If you are a licensee of the LSO, you will be required to draft your Statement of Principles by December 31, 2018, and to report on whether you have done so in your 2018 Annual Report.
The Law Society has dodged the question of exactly what consequences will follow for persons who do not comply with the Statement of Principles requiring, saying only that it would take “progressive measures”.
If you have reservations about the requirement, you have three main choices:
- Review the Law Society’s website, FAQ, and guidelines and see if they help you resolve your concerns;
- Ignore your reservations, draft a Statement of Principles, file it away, and hope your conscience doesn’t trouble you; or
- Do not comply and, when asked on your Annual Report why not, write something as long or as short as you like.
It is up to you to decide whether you want to comply with the new requirement, but if you do not, the LSO has said you will have an option in your Annual Report to explain why you have not done so. We suggest: “I have grave concerns about the legality and constitutionality of this requirement. As there is currently a legal challenge pending, I will await the resolution of that action before deciding whether or not to comply.”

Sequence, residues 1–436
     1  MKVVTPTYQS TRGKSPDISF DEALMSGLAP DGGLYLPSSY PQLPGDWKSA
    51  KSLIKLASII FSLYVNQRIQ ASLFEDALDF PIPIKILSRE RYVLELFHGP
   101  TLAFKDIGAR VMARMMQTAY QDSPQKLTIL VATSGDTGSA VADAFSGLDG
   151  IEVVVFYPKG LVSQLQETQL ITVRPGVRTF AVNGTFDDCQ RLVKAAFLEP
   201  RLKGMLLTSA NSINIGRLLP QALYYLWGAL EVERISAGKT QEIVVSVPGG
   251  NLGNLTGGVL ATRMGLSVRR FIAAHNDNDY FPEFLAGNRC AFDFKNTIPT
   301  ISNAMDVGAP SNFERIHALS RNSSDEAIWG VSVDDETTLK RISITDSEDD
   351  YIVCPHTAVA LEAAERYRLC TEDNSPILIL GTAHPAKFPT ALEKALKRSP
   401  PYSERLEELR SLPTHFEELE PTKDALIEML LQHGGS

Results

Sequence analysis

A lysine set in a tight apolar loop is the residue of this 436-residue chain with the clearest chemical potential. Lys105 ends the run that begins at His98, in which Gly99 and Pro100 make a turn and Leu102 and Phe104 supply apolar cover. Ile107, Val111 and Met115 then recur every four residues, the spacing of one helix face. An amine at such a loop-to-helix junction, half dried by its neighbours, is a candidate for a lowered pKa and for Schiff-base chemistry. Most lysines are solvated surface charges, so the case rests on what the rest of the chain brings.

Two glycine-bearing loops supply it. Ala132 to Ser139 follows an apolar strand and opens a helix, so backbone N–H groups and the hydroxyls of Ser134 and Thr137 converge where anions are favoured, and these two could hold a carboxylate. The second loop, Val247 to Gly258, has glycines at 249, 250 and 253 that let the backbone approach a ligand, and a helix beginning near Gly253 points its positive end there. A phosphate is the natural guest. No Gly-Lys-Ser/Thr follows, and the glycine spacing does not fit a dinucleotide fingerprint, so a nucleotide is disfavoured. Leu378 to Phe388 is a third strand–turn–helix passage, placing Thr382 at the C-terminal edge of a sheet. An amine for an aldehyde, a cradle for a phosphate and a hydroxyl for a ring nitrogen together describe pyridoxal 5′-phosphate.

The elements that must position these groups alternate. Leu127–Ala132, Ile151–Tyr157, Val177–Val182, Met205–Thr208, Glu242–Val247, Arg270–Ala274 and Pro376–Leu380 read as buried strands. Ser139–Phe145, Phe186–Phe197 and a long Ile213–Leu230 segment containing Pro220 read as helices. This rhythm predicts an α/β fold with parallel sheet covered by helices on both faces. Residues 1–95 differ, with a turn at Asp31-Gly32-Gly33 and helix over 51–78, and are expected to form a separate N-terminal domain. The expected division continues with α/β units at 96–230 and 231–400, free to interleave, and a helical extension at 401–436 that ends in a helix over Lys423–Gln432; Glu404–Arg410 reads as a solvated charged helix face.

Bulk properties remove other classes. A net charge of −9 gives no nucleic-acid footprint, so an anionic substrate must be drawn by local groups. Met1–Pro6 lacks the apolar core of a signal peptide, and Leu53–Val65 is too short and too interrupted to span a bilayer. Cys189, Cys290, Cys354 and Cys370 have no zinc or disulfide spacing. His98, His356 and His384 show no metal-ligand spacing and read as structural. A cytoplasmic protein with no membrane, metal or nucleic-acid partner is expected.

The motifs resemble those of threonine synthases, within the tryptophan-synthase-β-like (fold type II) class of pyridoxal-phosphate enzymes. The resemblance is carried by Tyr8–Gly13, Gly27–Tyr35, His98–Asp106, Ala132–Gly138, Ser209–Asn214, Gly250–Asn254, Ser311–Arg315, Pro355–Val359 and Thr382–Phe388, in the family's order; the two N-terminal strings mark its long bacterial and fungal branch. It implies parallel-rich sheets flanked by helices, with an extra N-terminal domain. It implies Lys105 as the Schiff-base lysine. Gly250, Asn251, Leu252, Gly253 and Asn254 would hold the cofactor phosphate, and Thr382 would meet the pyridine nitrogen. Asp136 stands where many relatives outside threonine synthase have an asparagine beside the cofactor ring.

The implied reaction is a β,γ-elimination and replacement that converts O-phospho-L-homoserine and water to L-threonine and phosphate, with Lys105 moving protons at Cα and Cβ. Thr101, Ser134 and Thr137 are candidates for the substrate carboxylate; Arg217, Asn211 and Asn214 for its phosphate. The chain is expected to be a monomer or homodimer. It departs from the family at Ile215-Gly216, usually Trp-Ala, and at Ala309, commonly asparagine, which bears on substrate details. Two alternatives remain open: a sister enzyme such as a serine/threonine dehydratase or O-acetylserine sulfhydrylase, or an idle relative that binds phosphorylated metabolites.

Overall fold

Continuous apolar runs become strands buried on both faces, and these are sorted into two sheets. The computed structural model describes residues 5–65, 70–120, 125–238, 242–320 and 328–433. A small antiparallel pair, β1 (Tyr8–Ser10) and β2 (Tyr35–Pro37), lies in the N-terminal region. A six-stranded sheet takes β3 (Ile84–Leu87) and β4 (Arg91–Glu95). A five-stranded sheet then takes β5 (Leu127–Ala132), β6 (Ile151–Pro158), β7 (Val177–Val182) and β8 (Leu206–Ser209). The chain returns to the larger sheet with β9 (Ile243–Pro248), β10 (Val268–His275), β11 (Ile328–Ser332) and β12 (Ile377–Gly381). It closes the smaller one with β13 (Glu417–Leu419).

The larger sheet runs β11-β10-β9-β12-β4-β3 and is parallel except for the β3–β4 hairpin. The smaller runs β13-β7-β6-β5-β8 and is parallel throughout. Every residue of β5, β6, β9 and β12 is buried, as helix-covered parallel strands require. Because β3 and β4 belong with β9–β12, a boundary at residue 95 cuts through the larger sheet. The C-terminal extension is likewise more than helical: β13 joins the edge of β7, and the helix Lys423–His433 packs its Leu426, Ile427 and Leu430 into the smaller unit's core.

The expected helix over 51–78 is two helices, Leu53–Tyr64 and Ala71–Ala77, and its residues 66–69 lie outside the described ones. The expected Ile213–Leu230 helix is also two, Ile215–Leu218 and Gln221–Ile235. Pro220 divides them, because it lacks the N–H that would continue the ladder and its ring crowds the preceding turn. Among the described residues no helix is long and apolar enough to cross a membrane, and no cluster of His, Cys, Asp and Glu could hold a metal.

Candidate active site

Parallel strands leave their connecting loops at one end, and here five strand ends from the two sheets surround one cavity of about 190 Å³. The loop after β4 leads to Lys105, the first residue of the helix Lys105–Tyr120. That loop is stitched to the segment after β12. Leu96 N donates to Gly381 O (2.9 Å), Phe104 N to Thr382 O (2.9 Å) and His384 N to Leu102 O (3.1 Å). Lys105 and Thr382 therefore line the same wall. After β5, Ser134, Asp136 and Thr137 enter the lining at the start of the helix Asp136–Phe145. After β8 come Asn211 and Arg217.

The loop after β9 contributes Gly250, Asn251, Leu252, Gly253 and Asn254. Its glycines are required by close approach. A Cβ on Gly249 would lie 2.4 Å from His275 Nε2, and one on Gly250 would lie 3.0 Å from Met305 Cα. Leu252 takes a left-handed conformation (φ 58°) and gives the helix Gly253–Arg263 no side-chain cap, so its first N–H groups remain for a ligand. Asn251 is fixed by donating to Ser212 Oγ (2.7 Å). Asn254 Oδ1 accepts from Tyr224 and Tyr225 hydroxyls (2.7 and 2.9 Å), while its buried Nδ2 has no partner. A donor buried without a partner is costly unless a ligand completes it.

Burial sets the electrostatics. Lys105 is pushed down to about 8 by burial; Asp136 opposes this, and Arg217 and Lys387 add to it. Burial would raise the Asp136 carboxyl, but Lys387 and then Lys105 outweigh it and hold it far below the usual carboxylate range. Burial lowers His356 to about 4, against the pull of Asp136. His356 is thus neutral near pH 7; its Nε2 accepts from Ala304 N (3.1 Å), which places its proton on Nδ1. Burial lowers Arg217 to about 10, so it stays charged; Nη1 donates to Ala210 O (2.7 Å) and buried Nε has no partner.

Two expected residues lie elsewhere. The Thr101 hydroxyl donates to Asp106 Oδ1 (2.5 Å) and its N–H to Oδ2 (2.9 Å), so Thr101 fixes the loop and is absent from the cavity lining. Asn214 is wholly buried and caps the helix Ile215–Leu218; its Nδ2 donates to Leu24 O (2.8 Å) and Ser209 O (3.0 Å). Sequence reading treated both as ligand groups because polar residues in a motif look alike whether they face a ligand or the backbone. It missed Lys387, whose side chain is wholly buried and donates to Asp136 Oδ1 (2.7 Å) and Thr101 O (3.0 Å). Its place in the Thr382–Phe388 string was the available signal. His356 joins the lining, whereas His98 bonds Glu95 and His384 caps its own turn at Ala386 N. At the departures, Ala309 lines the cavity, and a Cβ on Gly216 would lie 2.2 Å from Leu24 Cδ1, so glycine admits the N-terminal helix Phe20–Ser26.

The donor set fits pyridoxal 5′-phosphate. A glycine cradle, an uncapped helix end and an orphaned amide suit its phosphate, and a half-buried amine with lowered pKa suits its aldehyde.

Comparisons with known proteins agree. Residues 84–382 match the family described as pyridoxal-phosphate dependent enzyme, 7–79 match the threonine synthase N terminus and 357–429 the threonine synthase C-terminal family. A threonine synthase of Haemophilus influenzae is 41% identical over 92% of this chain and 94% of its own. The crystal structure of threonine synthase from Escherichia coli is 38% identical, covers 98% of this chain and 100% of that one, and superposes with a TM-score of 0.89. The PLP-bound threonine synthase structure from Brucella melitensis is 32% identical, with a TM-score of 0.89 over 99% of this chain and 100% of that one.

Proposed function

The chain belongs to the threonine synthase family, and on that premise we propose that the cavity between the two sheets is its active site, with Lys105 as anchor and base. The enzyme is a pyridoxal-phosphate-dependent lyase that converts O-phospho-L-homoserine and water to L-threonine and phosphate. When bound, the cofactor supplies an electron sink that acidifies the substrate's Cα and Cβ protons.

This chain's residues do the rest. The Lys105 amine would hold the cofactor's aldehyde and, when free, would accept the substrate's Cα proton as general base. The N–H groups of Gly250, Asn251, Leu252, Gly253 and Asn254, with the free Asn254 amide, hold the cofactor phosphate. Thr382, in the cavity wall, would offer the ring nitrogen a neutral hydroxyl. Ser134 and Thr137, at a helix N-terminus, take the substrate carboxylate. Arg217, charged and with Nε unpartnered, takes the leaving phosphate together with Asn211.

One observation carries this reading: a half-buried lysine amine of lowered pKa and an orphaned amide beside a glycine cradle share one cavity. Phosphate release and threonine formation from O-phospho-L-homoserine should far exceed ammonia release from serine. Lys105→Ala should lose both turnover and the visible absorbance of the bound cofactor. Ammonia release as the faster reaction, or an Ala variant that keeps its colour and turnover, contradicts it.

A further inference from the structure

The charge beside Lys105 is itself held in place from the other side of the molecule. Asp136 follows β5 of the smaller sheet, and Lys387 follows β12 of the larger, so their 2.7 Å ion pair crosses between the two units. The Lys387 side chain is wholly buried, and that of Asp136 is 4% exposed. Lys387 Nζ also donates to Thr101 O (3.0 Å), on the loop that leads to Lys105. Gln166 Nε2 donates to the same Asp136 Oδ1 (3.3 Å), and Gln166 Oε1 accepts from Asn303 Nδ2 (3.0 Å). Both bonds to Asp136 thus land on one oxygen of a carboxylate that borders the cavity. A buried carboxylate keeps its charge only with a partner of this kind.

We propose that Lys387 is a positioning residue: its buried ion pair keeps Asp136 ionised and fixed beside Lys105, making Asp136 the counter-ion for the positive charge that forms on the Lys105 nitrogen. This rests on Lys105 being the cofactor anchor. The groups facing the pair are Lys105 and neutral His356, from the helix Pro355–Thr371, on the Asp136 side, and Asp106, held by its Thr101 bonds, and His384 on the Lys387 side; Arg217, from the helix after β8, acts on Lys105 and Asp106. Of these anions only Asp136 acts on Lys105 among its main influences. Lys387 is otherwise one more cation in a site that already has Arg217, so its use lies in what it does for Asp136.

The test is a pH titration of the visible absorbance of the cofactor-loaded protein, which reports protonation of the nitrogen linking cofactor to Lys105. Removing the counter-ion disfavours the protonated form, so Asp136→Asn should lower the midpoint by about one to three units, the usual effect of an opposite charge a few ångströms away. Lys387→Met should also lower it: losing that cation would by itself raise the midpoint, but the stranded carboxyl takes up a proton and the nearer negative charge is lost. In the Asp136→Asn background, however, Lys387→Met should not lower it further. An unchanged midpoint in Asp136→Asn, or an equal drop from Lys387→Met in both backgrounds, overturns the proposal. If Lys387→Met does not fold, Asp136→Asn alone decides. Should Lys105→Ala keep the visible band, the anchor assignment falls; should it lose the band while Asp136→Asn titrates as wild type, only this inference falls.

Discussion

If you are a member of the general public and not a licensee of the LSO, your voice is still important as the LSO’s mandate is to serve the public. You can write to the LSO to express your views, positive or negative, about the Statement of Principles requirement:
Law Society of Ontario
Mailing address and directions:
Finally, you can also donate to the Canadian Constitution Foundation, which is supporting Prof. Ryan Alford and Lawyer Murray Klippenstein’s challenge to the new requirement. As a registered charity whose mission is to defend our constitutional rights and freedoms, we rely on donations from people just like you to fight for your rights.